Tackling the Tough Issues

After two weeks of hiking with my 21-year-old and plenty of time to be concerned about nothing more than falling off a mountain or whether my body would endure eight hours a day of pounding, I do find a clarity of perspective that I hope will make some sense to even my harshest critics on the other side of the aisle.

As Rove and Snow and many others leave the Bush ship and the presidential campaign moves to the forefront, the question is where we are going, not just with politics but with seemingly forgotten policy issues. 

I firmly believe, after much thought, that the real focus for Americans will be centered around three looming and critically important problems: retirement security, health security and the sorry state of our education system, which leads to growing economic inequality.

Starting with the latter, we are failing our children by being content to accept the fact that nearly one in three doesn’t graduate from high school, and that we cannot make four years of college attainable or affordable for more than 30 percent of Americans. This is a national disgrace, and devastating for our future in a global economy. It is also a serious blow to those on the lower end of the economic ladder, who are prevented from realizing their potential. We cannot succeed as a nation until we commit ourselves to radical change in education, far beyond No Child Left Behind. We need to set a national goal of doubling the number of college graduates in a generation. We need radical surgery on our teacher training, teacher pay, length and type of the school year, involvement of parents, and college prep courses. We can no longer limp along by eschewing national responsibility for solving this crisis.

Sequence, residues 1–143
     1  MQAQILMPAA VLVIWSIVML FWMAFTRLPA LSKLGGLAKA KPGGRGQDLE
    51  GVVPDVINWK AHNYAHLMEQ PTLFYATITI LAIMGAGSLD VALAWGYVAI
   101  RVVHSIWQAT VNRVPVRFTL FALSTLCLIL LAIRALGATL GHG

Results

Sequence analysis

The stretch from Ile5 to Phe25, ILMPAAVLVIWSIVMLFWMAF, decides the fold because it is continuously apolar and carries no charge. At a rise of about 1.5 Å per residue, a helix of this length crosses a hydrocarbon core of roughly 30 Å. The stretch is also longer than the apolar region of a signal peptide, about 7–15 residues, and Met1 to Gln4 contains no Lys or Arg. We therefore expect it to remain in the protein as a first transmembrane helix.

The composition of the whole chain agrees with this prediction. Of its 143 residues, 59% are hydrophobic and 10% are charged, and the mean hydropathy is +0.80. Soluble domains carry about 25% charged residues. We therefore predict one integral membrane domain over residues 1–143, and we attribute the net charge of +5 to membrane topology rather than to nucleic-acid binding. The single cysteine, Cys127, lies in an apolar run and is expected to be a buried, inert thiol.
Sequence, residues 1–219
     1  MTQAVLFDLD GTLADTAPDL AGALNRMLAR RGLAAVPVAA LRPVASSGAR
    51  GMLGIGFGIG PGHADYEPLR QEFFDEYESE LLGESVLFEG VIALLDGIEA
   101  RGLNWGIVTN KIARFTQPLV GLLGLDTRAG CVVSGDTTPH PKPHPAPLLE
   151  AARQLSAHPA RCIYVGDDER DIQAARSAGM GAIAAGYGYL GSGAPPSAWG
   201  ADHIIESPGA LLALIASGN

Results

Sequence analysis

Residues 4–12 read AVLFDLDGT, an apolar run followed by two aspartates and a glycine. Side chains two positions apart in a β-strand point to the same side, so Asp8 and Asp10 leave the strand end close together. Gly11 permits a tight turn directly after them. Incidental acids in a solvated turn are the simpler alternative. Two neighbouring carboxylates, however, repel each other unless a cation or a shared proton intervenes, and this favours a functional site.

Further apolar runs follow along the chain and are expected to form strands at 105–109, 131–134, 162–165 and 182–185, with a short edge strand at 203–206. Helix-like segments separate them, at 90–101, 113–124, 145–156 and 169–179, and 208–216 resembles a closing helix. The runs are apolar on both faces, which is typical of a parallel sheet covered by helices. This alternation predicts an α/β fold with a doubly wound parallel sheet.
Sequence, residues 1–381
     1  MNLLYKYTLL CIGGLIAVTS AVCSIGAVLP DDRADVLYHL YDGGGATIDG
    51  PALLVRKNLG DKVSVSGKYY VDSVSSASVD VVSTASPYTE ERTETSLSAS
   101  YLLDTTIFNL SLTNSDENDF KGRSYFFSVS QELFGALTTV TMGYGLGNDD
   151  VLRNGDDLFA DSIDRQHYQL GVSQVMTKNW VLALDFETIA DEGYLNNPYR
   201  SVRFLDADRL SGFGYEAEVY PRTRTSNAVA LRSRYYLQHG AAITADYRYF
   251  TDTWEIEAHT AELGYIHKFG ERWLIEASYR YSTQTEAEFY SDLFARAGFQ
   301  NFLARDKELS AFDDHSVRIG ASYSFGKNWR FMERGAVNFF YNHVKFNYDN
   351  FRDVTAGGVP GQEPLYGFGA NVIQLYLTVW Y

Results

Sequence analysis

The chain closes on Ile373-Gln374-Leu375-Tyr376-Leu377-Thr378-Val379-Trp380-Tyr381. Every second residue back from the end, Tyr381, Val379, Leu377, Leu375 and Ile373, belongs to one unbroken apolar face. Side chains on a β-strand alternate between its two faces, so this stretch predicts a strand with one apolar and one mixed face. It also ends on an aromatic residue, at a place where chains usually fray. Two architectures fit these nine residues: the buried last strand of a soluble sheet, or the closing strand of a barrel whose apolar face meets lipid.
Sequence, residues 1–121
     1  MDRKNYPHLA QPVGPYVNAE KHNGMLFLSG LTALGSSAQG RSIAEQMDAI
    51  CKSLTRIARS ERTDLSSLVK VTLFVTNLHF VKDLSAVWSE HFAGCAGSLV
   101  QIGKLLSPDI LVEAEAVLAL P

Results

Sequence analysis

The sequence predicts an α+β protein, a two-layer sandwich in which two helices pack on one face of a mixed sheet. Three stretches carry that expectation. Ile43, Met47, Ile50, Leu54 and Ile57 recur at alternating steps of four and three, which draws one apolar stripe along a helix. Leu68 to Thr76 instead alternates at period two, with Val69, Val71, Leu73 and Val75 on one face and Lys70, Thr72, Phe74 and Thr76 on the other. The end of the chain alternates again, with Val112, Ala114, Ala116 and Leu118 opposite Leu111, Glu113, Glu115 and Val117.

Our healthcare system is a cancer growing on the body politic. It is an insane system that does not even work for over 44 million Americans. It leaves our children, our poor, our forgotten behind and is much too costly and inefficient for those fortunate enough to have insurance. In short, it is broken. Whether we determine that we can pull together a system of small-business health plans, more preventive coverage, and a streamlined national plan combining private and government coverage, we need to look at more than tinkering. The governors are in revolt on the cost and quality of Medicare coverage, the weight of Medicaid is growing exponentially, and our healthcare profession is not supported the way it should be — and Americans know it.

From Social Security to 401(k)s to corporate retirement plans ... Houston, we have a problem. Again, those at the lower end of the economic ladder, and even those in the middle, are at risk. We are actually now in a negative savings position — Americans’ debt for the first time exceeds their savings. We are a people who have become slaves to credit cards, with the average family owing nearly $10,000 in credit card debt. We need to reward savings, help make it easier to ensure that retirement savings are portable and revamp Social Security in the context of true retirement security.

These are three of the toughest problems facing us, and they hit Americans where they live. Regardless of political party, all the political candidates have a responsibility to tackle them and to put ideas on the table. After all, this is what we elect them to do.